What would you say is the biggest difference between this album and your 2010 debut, Strangers & Angels?

The biggest difference is I think we rocked up the sound a little more. I think my first album was a great album. I was very proud of it. I self-released that and I put a lot of time, energy, and love into that project. I was still in the learning stages though and of course still am. I've only been legitimately working on my music since late 2009/early 2010. I think with that first album, I was just so excited to go into the studio, work on music, and have three of my songs that I wrote be on the album. I was just happy to be there and be part of that learning curve in the studio with the musicians and learning that process. For the new album, not only was I able to do that, but we really honed and picked out that type of songs I wanted to sing and not trying to fit into that mold of what I'm supposed to sing.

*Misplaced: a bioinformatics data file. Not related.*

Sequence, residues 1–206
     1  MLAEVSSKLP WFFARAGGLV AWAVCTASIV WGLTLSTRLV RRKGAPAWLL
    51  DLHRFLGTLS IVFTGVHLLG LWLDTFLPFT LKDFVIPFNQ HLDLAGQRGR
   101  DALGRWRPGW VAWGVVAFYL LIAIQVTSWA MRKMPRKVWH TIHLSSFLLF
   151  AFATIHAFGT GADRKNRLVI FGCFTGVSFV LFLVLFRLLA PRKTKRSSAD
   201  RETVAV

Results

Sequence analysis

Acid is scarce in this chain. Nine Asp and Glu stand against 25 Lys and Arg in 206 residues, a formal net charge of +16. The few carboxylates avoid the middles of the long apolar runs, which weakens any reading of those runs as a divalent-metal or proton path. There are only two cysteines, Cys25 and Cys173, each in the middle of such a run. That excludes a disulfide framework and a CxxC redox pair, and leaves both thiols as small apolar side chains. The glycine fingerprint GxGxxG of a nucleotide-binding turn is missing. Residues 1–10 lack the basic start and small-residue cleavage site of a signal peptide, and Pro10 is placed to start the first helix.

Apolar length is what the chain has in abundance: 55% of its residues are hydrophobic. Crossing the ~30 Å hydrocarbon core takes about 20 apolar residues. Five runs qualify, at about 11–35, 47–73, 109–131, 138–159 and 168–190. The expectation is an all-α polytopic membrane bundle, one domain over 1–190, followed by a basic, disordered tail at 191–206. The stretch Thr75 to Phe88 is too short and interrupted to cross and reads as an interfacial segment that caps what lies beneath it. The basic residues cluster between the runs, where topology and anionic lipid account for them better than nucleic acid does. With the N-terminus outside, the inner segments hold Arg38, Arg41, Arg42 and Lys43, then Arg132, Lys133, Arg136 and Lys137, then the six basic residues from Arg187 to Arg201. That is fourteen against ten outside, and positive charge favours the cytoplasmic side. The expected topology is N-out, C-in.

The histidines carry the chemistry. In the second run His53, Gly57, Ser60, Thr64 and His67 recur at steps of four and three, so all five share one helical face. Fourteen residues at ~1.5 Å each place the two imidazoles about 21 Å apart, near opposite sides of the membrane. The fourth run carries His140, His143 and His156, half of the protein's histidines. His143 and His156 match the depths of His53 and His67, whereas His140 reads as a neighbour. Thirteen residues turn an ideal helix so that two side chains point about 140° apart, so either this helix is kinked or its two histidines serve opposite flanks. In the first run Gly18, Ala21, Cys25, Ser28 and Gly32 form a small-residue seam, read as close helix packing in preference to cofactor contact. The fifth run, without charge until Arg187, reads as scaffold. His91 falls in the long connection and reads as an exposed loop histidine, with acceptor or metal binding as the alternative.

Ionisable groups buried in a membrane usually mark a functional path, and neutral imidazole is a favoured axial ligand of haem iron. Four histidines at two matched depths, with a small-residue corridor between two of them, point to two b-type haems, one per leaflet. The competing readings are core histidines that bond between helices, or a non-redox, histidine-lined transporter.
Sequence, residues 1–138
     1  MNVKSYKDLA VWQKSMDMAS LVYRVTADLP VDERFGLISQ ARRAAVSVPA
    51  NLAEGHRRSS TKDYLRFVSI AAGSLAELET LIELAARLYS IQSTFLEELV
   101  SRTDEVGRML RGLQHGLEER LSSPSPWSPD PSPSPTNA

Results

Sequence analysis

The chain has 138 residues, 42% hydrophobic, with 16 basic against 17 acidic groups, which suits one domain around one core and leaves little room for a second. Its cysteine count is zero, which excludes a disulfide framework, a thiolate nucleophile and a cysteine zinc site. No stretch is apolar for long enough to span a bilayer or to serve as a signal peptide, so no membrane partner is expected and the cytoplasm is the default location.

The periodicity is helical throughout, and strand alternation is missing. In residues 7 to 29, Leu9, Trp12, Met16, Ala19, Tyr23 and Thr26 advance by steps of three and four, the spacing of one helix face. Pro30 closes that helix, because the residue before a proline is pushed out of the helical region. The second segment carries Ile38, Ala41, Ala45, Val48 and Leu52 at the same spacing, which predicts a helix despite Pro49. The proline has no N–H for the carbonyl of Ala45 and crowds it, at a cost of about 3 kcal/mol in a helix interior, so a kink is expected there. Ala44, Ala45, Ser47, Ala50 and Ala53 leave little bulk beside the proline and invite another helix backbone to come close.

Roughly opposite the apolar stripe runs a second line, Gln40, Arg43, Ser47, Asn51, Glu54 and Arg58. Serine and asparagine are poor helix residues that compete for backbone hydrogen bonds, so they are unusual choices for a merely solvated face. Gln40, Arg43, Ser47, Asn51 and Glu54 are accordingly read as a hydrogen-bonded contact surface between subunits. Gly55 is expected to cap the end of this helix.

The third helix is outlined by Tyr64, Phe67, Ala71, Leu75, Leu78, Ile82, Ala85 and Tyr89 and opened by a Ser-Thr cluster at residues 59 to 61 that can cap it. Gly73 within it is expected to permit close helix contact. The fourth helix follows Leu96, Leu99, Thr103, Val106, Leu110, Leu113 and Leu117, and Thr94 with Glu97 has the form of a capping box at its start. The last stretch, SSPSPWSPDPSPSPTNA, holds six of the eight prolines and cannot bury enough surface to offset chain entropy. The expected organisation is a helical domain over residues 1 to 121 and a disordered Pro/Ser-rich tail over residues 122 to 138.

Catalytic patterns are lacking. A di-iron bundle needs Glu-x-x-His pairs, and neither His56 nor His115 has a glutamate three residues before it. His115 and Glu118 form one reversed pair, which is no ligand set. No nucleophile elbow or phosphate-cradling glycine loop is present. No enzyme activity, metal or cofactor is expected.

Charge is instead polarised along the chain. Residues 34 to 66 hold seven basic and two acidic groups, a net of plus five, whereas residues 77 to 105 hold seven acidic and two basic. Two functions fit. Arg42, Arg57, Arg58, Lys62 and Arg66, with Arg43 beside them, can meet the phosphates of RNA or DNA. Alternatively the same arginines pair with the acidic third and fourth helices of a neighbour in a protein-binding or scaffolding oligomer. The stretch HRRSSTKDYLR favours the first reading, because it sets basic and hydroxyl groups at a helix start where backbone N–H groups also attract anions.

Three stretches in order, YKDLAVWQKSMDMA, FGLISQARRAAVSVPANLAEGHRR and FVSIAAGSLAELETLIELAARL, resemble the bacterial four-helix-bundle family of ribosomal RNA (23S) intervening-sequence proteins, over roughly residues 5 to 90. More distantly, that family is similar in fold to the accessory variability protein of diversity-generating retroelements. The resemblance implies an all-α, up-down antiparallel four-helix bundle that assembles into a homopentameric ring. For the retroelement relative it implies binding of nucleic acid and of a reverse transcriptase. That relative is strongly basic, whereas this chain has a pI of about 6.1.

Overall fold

So to find that type of music you wanted to sing, what type of music were you listening to during the recording process?